Early on in my career I had plenty of people who could “tell” me what to do. In a classroom they could “teach” the process, I had very few that could show me—not many would sit elbow-to-elbow with me and a client.
One of your team members describes you as an “extreme coach.” What does he mean?
I’ll say “Do it again,” “Great, now do it again,” “OK and again,” “One last time.” Confidence and comfort come with experience and practice. It’s a safe environment with me, and they want to look good in front of the customer/client.
If they struggle in a “safe environment,” it’s even harder when they go live. So we do it again, and again and again. We make it as real world as possible.
This approach only works because the team trusts me. They know I have their best interest at heart, and I want them to do well. I am very fortunate that people have seen the success, and they know I care. I give them honest feedback.
Why go to extreme?
For two reasons. No. 1: the customer. We are living in some very uncertain times financially. Most people have real financial issues that are keeping them up at night. Nine times out of 10, there is an answer or solution to the problem. However, because of previous bad experiences, or just simply not knowing there is a solution, they will never seek out the help. If there were nothing that could be done, that’s one thing, but to know there’s an answer to the problem, and nothing is being done, we have to help educate our customer.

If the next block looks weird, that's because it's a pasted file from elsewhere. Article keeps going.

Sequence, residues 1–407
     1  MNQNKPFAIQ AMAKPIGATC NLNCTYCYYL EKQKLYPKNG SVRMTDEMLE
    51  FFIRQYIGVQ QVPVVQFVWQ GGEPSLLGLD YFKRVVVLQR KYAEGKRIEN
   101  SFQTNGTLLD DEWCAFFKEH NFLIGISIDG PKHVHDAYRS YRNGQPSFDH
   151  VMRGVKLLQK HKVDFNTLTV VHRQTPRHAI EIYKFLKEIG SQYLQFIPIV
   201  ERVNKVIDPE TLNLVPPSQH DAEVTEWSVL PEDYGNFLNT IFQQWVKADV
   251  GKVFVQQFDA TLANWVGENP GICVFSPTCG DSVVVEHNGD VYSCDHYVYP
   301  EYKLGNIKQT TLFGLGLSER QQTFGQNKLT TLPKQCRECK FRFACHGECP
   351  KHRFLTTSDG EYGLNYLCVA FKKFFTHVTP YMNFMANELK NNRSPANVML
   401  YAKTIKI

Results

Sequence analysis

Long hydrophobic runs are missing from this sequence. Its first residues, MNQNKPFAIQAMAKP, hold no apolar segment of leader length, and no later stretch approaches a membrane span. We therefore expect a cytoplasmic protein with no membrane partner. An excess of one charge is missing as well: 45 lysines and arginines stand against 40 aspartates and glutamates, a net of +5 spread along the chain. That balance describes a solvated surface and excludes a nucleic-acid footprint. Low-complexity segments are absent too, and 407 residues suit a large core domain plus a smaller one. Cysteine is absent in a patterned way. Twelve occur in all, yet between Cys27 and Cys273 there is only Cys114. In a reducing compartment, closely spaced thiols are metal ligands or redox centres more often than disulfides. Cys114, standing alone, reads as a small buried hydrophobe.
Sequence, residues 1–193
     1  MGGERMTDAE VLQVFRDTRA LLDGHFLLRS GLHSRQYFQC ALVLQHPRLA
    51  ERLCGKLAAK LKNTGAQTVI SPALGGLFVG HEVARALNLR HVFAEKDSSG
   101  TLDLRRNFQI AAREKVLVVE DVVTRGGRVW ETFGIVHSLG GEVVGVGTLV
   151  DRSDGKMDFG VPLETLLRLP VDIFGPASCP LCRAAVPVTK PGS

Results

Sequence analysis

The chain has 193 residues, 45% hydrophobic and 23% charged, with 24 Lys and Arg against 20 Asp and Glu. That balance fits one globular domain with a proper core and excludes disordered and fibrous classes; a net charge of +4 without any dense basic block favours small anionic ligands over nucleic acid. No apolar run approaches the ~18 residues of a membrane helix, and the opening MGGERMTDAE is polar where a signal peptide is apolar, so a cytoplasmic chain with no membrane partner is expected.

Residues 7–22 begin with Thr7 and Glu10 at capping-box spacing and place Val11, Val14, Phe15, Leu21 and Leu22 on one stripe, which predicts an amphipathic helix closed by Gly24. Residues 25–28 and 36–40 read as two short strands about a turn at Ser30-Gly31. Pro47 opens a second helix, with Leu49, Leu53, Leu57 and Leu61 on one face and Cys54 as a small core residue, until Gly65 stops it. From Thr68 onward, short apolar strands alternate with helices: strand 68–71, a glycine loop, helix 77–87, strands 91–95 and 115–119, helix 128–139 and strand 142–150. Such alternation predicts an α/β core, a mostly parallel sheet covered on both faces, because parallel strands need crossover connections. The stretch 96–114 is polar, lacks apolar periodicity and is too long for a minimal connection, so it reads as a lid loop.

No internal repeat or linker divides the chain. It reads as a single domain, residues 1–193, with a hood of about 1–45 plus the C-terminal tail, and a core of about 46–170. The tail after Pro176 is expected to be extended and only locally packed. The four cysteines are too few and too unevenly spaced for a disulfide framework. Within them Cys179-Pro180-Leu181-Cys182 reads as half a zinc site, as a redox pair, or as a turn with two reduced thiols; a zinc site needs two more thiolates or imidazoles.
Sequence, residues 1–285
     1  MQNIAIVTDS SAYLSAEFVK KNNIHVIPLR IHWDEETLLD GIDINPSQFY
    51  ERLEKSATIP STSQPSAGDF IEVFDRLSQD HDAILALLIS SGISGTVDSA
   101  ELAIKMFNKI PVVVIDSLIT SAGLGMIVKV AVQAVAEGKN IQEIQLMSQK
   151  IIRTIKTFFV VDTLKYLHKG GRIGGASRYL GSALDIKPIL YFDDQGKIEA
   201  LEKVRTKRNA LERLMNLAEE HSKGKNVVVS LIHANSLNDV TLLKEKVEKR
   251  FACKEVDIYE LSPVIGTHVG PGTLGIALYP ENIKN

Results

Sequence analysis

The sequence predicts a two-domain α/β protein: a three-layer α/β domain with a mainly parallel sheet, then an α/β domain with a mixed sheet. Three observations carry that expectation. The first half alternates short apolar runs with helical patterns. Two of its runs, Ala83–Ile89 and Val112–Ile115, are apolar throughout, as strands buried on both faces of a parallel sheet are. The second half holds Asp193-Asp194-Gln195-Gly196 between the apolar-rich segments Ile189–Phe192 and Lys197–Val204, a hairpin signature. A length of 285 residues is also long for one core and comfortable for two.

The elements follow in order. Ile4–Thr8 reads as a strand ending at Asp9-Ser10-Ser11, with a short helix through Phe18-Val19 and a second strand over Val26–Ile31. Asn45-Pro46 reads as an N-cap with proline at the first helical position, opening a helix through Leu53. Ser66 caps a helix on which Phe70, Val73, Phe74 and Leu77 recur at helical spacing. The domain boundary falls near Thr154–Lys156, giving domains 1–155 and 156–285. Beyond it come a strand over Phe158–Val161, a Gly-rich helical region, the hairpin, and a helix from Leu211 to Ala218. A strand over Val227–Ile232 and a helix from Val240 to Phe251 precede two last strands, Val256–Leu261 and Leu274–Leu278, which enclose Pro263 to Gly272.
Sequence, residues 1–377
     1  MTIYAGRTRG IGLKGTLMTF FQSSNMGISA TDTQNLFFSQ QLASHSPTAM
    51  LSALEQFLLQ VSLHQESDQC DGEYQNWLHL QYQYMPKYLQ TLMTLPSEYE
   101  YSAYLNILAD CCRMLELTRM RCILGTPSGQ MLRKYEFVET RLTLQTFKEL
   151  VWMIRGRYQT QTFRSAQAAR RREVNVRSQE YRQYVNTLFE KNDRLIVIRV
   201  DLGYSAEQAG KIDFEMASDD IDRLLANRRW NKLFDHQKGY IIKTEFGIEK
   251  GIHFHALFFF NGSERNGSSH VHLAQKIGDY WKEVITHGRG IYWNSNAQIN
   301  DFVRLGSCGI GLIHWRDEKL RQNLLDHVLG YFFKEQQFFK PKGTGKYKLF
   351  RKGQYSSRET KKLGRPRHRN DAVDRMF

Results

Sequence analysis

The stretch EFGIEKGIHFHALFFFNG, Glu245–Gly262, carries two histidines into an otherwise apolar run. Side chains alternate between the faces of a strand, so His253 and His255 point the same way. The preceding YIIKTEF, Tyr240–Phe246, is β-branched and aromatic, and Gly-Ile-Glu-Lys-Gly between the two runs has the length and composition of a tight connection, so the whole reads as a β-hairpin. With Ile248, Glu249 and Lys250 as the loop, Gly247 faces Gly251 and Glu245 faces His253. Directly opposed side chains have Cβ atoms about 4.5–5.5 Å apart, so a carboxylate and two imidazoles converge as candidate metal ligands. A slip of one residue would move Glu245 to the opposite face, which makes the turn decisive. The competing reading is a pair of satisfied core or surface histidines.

No. 2: Someone did it for me. Someone invested in me. I care about my team. I want them to be able to provide for their families. I want them to have peace at night knowing they did a good job. I want them to know they helped someone today. Our customers and our employees deserve to have someone who’s willing to be extreme for them.
Why are some managers uncomfortable with coaching?
Perhaps because they see coaching as a negative—something that happens only when the salesperson makes a mistake. Perhaps they are reluctant to speak frankly for fear that the salesperson will take it the wrong way.
Coaching is not a negative. And, it is not something that is done only when an error is made. At Regions Bank, our culture says that we coach all the time, even when things are going well.
What type of success has your team achieved?
As I became more passionate about coaching and helping people develop, I could see the results: production improved, turnover decreased, and our scores on performance and service quality improved. Consistent improvement doesn’t happen by accident, and I’m incredibly proud of our team and our bankers for the work they’ve put in to improve and serve our customers.
Walt Albro is the editor of ABA Bank Marketing and Sales magazine, Washington, D.C. Email: Walbro@aba.com.